The last few years have borne witness to a shift regarding how to address issues of oppression and social injustice. Across many different advocacy points—from police brutality to sexual violence—there seems to be a consensus that simply engaging the oppressor or the victim is not enough to effect real social change. The consensus itself is not new: it has been at the heart of many social justice movements over the years. However, what is new is the explicit evocation of the bystander within this framework. Too often, in conversations on conflicts generally (and negative human rights impact specifically), bystanders have been relegated to the sidelines, with no defined, specific role to play and no discussion within the larger narrative. Now, however— through the use of bystander intervention training—these actors are taking on a more prominent role.
In previous articles, I have stated that the rhetoric and posture that transnational corporations (TNCs) maintain vis-à-vis human rights impacts is that of a bystander. Frequently, when human rights abuses occur, TNCs find themselves in the position of having to acknowledge their presence in the area of the underlying conflict, while profusely maintaining that none of their actions caused the harm against the community. Building off this prior work, this Article seeks to answer the following question: Are there lessons that can be learned from bystander intervention training in other contexts, that can be used for the benefits of TNCs within the field of business and human rights? I conclude that what is lacking in the current discourse on corporate policies regarding addressing negative human rights impacts is an articulation regarding when, and under what circumstances, it is appropriate for corporations to intervene in negative human rights disputes. This goes beyond the current proposals for human rights due diligence frameworks in that, rather than merely undergoing an assessment and then reporting this information out (as is required by most current legal frameworks that address business and human rights reporting) this would help corporations—informed by a bystander intervention framework—to engage with either the oppressor or the oppressed in a way that directly minimizes human rights abuses.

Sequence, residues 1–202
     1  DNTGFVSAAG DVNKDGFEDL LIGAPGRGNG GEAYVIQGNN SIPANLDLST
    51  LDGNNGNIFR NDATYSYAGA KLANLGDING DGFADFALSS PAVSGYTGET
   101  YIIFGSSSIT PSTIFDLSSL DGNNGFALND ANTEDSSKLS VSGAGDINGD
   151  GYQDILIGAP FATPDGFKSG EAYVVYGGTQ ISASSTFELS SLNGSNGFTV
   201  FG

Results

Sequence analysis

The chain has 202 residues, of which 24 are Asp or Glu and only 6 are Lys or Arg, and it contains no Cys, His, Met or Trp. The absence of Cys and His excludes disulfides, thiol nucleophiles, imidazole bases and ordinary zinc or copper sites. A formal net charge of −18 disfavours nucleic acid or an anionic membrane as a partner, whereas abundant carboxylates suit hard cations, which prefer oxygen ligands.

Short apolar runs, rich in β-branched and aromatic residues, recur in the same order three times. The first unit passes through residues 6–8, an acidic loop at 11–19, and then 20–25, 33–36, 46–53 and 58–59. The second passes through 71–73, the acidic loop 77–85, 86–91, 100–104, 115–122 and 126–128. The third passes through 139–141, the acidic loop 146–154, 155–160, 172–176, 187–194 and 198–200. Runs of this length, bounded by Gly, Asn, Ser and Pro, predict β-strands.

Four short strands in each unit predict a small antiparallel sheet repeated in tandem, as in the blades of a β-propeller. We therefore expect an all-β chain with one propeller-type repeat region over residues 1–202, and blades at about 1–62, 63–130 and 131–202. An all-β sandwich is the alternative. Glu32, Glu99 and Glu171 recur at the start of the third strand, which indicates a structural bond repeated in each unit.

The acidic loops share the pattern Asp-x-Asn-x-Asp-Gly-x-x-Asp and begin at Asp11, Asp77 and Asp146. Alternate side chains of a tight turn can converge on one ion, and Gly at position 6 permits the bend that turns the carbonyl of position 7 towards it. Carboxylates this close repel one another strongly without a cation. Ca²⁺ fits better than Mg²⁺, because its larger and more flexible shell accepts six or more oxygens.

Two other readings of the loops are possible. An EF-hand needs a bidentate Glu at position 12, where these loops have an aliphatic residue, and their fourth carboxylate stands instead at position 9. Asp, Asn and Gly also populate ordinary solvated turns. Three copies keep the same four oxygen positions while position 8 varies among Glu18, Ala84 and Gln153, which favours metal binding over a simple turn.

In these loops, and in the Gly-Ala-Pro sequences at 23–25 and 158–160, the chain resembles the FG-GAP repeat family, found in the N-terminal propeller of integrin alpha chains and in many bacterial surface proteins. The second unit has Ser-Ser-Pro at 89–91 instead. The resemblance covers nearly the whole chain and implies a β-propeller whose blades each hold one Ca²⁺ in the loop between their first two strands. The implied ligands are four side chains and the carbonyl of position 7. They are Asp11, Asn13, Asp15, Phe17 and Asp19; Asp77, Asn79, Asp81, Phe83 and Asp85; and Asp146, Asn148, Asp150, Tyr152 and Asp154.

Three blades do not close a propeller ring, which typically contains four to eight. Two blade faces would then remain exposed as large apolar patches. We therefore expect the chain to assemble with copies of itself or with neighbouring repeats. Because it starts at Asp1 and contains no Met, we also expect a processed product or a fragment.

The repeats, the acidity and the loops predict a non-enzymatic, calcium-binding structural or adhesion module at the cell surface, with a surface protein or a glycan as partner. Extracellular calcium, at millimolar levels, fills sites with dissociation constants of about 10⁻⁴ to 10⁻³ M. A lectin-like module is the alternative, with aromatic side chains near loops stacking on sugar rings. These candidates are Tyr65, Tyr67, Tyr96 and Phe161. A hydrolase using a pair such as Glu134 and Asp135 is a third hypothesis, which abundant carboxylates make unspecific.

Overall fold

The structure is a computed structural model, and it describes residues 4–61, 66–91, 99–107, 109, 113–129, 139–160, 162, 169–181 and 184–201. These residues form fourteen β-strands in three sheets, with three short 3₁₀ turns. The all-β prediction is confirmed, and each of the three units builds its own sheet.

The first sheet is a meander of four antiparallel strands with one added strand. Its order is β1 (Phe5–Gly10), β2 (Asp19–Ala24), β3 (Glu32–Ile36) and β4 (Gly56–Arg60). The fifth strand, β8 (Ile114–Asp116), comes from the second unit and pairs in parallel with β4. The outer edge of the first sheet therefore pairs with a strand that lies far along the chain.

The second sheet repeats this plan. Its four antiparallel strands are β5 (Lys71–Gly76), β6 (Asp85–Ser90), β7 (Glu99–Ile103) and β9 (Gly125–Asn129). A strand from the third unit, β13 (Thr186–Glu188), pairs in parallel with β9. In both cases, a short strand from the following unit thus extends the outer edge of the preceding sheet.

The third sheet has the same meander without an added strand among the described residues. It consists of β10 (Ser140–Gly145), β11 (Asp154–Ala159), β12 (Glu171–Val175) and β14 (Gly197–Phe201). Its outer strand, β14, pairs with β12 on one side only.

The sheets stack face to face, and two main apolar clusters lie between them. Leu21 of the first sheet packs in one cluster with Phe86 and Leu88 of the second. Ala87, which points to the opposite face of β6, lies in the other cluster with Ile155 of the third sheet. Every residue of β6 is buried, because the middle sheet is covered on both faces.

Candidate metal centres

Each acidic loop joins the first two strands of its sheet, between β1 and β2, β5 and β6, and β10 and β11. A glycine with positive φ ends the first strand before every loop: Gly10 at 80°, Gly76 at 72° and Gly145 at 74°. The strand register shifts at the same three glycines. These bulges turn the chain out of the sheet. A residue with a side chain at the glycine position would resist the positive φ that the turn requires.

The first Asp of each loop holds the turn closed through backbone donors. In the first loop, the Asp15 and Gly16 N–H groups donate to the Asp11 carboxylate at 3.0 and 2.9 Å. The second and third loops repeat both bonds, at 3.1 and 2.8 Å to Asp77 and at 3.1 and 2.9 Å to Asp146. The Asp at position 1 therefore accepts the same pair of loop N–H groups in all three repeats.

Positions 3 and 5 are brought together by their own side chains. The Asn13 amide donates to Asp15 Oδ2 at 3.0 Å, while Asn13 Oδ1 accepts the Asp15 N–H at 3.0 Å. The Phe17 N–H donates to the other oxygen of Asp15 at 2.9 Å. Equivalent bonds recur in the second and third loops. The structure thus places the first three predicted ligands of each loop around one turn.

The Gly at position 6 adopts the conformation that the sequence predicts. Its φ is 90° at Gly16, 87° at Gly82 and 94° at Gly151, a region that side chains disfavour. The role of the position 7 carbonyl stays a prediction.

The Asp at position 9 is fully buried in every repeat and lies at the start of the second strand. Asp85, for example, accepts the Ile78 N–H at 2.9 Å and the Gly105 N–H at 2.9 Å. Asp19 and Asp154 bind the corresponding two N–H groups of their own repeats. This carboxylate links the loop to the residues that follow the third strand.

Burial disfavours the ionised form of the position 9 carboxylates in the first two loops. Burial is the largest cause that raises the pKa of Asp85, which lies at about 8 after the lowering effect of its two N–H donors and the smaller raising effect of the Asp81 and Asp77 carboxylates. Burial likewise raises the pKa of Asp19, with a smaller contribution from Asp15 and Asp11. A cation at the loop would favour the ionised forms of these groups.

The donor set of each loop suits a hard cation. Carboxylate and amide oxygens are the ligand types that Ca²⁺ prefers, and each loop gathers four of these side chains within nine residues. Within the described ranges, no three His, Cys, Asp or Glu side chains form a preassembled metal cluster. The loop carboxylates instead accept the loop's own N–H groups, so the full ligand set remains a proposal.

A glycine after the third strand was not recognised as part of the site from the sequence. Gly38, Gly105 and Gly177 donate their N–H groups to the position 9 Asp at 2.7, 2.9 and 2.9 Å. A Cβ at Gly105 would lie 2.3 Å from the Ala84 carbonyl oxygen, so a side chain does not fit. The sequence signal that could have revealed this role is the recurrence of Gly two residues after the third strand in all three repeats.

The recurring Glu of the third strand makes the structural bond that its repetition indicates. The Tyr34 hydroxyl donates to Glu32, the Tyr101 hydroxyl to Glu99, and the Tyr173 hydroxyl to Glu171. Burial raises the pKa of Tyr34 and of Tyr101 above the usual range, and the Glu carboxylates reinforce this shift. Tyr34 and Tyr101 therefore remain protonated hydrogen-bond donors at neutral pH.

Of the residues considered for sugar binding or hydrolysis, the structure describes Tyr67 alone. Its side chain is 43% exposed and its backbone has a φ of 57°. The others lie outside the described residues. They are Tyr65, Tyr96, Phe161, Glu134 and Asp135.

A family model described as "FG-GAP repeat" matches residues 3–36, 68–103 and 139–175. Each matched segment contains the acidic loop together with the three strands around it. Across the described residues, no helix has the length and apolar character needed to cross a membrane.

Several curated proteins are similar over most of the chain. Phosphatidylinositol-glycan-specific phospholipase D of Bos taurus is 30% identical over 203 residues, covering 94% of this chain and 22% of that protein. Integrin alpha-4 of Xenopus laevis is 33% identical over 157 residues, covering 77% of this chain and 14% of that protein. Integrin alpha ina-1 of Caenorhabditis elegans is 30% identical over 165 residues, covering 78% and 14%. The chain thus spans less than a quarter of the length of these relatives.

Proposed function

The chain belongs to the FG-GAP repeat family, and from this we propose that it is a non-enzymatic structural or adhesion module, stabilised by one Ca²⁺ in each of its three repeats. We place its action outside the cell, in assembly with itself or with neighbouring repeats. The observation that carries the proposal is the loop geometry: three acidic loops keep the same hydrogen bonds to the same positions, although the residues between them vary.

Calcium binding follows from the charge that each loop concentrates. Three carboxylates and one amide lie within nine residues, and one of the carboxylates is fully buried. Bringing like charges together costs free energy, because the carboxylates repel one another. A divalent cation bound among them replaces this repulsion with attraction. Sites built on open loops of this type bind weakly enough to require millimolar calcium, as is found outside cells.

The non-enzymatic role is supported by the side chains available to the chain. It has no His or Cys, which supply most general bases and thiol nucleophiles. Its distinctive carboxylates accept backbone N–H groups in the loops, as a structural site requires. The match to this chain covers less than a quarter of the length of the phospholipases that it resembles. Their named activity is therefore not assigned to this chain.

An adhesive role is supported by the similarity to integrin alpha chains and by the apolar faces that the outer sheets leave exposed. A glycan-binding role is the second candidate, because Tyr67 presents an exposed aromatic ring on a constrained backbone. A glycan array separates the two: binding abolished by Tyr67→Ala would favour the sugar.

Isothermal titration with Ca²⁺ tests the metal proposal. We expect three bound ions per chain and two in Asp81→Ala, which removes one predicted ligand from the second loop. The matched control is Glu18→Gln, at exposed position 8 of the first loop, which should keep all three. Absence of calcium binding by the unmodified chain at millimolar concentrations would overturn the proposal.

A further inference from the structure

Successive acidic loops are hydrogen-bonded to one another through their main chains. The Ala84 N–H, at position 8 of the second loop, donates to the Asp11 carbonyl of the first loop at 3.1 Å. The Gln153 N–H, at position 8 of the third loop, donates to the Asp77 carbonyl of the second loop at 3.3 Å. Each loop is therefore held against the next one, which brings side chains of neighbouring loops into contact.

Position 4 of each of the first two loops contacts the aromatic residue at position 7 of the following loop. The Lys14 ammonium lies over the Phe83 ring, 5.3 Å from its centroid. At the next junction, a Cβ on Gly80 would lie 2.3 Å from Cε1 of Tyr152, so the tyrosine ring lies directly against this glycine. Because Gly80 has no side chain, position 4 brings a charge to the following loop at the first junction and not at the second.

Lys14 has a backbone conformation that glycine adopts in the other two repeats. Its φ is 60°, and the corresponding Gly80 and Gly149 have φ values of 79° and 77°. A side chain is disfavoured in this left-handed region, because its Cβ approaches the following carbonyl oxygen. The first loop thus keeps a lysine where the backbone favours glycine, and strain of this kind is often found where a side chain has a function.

EASING “[T]HE BURDEN OF THE BRUTALIZED”: APPLYING BYSTANDER INTERVENTION TRAINING TO CORPORATE CONDUCT,
Cath. U. L. Rev.
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